Sendak's first and third arguments raise essentially the same claim that Sendak, acting in his official capacity as the Attorney General of Indiana, cannot be held personally liable for his actions and that consequently this action is barred by the Eleventh Amendment to the United States Constitution. The Eleventh Amendment provides: "[t]he Judicial power of the United States shall not be construed to extend to any suit in law or equity, commenced or prosecuted against one of the United States by Citizens of another State, or by Citizens or Subjects of any Foreign State." However much these fairly simple words remain the subject of continuing debate, see, e.g., Atascadero State Hospital v. Scanlon, --- U.S. ----, 105 S.Ct. 3142, 87 L.Ed.2d 171 (1985), one construction of the amendment is clear: "the Eleventh Amendment provides no shield for a state official confronted by a claim that he had deprived another of a federal right under the color of state law." Schueur v. Rhodes, 416 U.S. 232, 237, 94 S.Ct. 1683, 1687, 40 L.Ed.2d 90 (1974). Sendak, therefore, can be held personally liable for his actions as Attorney General, provided that no other bar to liability exists.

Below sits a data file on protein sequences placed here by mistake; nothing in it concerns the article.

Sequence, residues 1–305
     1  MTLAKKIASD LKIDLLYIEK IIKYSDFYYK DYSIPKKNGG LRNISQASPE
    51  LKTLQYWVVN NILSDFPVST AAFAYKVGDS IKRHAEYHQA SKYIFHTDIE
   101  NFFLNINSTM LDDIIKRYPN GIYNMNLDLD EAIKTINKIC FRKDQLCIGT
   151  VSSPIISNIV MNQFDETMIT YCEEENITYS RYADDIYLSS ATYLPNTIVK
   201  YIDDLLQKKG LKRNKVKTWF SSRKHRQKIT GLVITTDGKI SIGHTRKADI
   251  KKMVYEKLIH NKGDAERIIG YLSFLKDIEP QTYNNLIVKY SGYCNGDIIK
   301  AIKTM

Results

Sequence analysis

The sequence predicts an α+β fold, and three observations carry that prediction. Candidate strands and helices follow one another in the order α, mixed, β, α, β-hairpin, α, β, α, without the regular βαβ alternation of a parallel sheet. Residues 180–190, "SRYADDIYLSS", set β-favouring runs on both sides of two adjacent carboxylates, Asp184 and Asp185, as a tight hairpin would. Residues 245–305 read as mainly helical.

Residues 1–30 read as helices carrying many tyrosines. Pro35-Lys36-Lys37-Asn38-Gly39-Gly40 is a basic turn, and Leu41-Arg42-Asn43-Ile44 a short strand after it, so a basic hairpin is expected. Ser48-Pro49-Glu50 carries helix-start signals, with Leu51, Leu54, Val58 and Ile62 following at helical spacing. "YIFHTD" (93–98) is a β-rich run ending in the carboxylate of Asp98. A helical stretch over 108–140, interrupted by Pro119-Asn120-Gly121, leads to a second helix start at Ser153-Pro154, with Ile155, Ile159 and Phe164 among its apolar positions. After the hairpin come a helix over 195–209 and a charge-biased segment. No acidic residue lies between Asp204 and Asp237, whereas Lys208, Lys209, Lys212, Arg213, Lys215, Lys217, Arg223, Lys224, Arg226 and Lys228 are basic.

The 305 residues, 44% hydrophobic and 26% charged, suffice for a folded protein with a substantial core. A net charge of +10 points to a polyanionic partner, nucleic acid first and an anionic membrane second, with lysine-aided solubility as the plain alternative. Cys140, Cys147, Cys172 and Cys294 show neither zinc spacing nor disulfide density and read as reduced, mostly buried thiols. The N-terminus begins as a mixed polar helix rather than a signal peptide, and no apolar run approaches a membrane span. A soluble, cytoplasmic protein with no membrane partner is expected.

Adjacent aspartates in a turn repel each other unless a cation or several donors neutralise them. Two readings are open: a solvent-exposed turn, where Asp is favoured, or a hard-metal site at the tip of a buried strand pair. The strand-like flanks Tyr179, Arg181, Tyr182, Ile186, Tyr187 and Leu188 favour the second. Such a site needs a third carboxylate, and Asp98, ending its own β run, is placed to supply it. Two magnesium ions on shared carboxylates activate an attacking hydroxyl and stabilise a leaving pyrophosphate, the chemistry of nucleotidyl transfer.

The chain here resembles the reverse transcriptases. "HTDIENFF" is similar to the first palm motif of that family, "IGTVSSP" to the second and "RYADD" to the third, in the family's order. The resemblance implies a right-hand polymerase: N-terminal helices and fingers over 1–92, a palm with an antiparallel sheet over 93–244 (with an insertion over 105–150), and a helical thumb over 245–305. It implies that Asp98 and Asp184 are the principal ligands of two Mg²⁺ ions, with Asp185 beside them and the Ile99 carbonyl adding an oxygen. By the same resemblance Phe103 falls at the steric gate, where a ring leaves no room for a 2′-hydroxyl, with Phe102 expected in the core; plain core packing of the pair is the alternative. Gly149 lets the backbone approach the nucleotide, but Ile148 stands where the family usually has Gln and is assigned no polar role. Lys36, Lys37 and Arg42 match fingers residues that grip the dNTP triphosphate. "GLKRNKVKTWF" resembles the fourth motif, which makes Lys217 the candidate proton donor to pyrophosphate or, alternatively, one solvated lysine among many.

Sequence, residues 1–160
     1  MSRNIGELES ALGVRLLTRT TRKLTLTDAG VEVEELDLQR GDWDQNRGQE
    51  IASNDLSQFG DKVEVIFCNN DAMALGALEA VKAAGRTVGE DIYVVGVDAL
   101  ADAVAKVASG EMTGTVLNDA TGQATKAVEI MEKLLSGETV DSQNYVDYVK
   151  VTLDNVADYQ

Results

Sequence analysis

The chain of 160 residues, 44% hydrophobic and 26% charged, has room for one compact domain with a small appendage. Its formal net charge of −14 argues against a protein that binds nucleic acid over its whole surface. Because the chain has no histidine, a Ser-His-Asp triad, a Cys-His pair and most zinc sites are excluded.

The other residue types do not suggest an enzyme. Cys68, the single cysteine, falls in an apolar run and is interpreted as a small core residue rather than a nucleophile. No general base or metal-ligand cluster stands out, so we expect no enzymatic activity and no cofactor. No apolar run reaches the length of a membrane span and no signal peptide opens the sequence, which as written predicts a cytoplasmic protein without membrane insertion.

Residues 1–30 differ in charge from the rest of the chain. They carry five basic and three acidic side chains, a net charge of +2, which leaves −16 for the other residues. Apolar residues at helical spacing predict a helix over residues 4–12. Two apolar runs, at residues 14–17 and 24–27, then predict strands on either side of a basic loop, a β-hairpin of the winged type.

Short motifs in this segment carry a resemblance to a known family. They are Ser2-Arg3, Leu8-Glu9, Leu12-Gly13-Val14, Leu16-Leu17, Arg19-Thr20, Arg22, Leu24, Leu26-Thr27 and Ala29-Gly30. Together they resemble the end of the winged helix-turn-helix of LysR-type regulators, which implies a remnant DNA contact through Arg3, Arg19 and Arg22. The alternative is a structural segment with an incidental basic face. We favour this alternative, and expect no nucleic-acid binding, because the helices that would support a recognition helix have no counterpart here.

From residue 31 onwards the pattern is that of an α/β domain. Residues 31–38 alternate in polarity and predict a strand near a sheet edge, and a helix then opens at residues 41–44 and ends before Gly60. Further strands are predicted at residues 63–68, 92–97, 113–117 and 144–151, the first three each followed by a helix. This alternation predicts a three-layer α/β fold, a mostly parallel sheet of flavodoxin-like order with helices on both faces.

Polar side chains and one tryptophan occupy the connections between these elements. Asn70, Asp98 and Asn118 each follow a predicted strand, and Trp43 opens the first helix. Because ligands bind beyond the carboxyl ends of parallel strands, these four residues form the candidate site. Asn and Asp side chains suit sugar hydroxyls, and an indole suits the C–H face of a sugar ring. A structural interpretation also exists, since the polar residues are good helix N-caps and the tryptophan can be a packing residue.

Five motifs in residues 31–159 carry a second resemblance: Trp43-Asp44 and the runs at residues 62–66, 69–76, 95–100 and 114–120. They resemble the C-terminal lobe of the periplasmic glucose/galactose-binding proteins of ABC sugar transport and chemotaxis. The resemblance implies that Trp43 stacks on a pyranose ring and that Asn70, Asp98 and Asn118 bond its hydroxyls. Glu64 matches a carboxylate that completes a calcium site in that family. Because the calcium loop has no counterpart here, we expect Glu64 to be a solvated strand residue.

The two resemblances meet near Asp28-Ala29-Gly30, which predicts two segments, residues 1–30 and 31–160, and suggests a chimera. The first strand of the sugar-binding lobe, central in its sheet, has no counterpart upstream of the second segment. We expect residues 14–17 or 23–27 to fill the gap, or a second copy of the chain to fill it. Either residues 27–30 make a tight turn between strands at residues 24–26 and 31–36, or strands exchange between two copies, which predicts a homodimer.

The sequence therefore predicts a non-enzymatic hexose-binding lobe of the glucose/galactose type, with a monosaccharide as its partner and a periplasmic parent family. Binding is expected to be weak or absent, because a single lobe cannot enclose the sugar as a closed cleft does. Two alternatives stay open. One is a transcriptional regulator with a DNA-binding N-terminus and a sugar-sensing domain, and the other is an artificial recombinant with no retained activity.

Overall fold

We thus turn to Sendak's claims of immunity from prosecution under Section 1983. He claims first that he is entitled to absolute immunity from liability under Section 1983 because his actions under Ind.Code 4-13-2-14 rejecting Mother Goose's proposed contract are quasi-judicial in nature, Citizens Energy Coalition v. Sendak, 594 F.2d at 1162, and therefore entitled to absolute immunity. Butz v. Economou, 438 U.S. 478, 513, 98 S.Ct. 2894, 2914, 57 L.Ed.2d 895 (1978). In the alternative, he argues that he is at least entitled to qualified immunity for his action. Having thoroughly examined the facts of this case, we believe that the nature of the actions which Ind.Code 4-13-2-14 requires the Attorney General to take entitles him to absolute immunity from damages under Section 1983.